Colin Kaepernick’s “outrageous” actions spark collateral damage for his country and his profession

Colin+Kaepernick%E2%80%99s+%E2%80%9Coutrageous%E2%80%9D+actions+spark+collateral+damage+for+his+country+and+his+profession

Megan Grossman, Contributing Writer

San Francisco 49ers quarterback, Colin Kaepernick, submerged himself in controversy after refusing to stand during the national anthem prior to the start of a preseason game against Green Bay last week. He reportedly did so in protest of police brutality and racial injustice.

“I am not going to stand up to show pride in a flag for a country that oppresses black people and people of color,” biracial Kaepernick said in a press conference on Aug. 26. “To me, this is bigger than football, and it would be selfish on my part to look the other way.”

To add more fuel to the fire, his act of denunciation occurred on a game night specifically honoring the men and women of our military.

Although his ongoing protest has been altered to include taking a knee in deference to the military, his decision not to stand for the national anthem remains a point of contention, as have photos of him wearing socks depicting pigs in police hats.

A surfaced Santa Clara Police report states Kaepernick “threatened our harmonious working relationship” between the off-duty police officers that volunteer to work as stadium security. The report also categorized his statements regarding racially motivated police brutality as “insulting, inaccurate, and completely unsupported by any facts.” In fact, the Washington Post’s established database reports that of the 1,502 individuals shot and killed by on-duty police officers from January 1, 2015 to July 10, 2016, 732 were white, 381 were black, and 382 were other races or unknown. Criminal professor and author Peter Moskos reports that, of the reported fatal shootings by officers between May of 2013 and April of 2015  49 percent are white, 30 percent are black, 19 percent are Hispanic, and 2 percent are other races.

News of Kaepernick’s actions struck me as outrageous; as an American, I have had great reason to take pride in my country, and I feel indebted to those who have fought and are currently fighting for my freedom. For most Americans, the national anthem and the American flag stand as unifying pillars of patriotism. In my humble opinion, Kaepernick’s actions towards a complex issue, while perhaps well-intended, sparked collateral damage for both a country and a profession that greatly support him.

Rather than speaking to the injustices of minority socioeconomics, this $19 million-a-year player chose an accusatory and divisive stance that disrespected the traditions of the game of football, the game that assures his daily comforts. Perhaps realizing this, he has now retrospectively stated that he will donate his first million dollars earned this season to unspecified community organizations. However, he continues to steal a forum for preaching his personal agenda while representing the 49ers and the National Football League. He directly affronts the members of the armed forces that secure his freedom to do so. Would he think it appropriate for professionals in other settings to make political statements while providing a service?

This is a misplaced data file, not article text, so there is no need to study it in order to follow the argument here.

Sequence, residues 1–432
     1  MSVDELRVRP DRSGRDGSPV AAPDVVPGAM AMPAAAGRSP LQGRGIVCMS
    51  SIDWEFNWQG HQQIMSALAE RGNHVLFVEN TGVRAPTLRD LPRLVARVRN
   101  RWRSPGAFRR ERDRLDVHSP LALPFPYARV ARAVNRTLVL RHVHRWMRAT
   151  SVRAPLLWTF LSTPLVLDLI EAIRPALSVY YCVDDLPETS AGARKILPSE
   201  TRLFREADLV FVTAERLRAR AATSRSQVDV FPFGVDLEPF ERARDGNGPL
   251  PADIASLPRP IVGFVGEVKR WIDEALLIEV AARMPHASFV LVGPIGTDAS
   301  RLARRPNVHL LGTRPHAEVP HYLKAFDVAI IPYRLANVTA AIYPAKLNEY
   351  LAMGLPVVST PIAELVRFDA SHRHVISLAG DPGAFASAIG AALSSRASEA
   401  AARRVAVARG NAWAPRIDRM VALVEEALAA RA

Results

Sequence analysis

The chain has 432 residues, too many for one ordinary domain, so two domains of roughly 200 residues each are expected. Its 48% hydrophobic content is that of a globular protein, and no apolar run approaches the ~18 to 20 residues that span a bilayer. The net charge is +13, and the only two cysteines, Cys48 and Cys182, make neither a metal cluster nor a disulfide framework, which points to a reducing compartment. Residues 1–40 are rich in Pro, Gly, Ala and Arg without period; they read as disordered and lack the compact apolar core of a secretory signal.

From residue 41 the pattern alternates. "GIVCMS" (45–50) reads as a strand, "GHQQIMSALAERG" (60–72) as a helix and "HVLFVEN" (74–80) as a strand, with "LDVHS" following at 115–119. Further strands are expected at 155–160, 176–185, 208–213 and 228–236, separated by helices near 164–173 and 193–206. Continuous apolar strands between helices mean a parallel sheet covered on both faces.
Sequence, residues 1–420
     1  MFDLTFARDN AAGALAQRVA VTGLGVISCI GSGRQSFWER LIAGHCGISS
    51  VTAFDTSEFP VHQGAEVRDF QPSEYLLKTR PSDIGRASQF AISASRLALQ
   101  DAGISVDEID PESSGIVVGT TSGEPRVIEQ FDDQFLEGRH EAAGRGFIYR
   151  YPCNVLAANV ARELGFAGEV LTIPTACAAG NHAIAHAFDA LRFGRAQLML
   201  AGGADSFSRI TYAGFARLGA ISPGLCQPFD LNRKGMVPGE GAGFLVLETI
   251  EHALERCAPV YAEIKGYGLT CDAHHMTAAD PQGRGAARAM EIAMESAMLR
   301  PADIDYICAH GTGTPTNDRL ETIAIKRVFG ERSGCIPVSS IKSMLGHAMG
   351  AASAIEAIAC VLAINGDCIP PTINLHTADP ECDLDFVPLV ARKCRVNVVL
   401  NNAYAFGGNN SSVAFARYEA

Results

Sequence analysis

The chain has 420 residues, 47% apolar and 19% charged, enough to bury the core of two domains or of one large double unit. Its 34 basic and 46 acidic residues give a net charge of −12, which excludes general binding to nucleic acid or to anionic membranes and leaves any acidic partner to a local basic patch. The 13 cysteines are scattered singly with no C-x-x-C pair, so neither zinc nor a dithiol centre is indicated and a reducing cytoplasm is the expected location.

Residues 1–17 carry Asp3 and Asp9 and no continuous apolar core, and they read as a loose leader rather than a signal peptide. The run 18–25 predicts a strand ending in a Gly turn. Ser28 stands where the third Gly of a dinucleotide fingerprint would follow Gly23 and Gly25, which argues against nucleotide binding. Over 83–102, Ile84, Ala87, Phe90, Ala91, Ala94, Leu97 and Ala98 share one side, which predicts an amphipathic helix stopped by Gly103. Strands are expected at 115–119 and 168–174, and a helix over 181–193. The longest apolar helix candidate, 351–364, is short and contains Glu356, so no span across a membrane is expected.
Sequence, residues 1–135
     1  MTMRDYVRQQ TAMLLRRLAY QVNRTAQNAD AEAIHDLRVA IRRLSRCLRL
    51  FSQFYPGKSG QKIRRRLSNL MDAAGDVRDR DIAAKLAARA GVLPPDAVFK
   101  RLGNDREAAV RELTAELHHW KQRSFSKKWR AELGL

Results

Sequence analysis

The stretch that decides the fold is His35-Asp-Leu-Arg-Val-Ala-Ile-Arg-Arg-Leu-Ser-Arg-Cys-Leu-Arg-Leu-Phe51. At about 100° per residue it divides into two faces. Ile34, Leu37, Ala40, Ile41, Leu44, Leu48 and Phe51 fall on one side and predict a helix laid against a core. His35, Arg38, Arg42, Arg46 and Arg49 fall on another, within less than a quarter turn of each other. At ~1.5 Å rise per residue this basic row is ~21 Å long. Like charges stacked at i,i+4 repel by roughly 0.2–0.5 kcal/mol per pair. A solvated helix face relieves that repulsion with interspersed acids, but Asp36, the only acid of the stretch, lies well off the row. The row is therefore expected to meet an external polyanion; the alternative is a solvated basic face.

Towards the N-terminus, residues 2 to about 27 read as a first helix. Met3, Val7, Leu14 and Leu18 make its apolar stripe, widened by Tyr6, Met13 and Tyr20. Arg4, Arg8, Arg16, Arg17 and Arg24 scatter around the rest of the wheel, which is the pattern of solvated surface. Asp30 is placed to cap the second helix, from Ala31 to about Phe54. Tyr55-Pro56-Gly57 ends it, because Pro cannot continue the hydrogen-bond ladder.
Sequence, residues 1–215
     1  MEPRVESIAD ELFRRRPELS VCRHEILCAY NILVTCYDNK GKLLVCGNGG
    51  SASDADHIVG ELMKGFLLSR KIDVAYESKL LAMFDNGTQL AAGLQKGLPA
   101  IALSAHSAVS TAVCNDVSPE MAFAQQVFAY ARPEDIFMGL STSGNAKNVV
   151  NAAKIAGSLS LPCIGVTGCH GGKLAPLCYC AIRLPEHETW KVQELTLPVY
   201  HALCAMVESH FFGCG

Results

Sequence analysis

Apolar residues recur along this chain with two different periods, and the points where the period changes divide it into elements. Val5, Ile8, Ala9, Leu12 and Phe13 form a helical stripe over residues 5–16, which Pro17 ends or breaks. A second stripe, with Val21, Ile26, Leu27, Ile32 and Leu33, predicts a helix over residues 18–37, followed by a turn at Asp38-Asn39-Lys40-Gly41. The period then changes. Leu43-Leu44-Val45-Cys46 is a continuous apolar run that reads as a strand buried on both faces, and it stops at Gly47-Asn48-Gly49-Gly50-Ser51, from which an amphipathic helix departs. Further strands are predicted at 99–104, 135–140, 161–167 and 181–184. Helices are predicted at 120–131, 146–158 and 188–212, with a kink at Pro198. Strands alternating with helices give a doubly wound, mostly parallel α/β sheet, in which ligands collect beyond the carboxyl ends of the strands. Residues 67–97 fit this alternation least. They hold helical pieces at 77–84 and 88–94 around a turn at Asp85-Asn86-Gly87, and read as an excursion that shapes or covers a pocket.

Kaepernick’s actions have resulted in mixed reactions. Fellow players Jeremy Lane and Eric Reid have joined him in ongoing refusals to stand for the national anthem. Retired football player Rodney Harrison, on the other hand, harshly criticized Kaepernick, stating that “if he really wants to make change, sitting his butt down, that’s not going to change … I tell you this, I’m a black man. And Colin Kaepernick—he’s not black. He cannot understand what I face and other young black men and black people face.”

Though difficult to control the voice of outrage regarding the foundation and target of Kaepernick’s concerns, it does not escape me that to further contest his protest, I would be similarly denouncing another pillar of the United States: that of constitutionally-guaranteed freedom of thought and expression. As a white citizen, I cannot profess full understanding of a minority perspective. Nor do I have a defense for the instances of unarguably extreme social injustice that Kaepernick has put forth in subsequent statements, except to say that the unjustified police killings remain isolated instances and, according to statistics, across all races. Other aspects of violent crime remain the predominant threat to black Americans and all citizens at large.

What I do understand is that a country divided ultimately falls, and for Kaepernick to attack the very aspects that are traditionally most unifying is counterproductive to the advancement of all perspectives. True, he has started a conversation with professed intent towards progressive change. However, he has also initiated a divisive firestorm which is damaging to his cause. I suggest that the recent actions of Jamaican track star, Usain Bolt, drew far more attention to the cause of unity and equality among the diverse. At the recent summer Olympics, Bolt temporarily suspended a post-win interview in respect for the national anthem, which was being played for an American champion. This impressed me as the type of action that is premised on respect and inspires betterment. Even Bolt, not a citizen of this country, recognizes the importance of tradition and sanctity of patriotic symbols. I believe that Kaepernick should focus similarly on bringing about the change he wishes to see in the world through constructive, as opposed to destructive, protest.

(Visited 345 times, 1 visits today)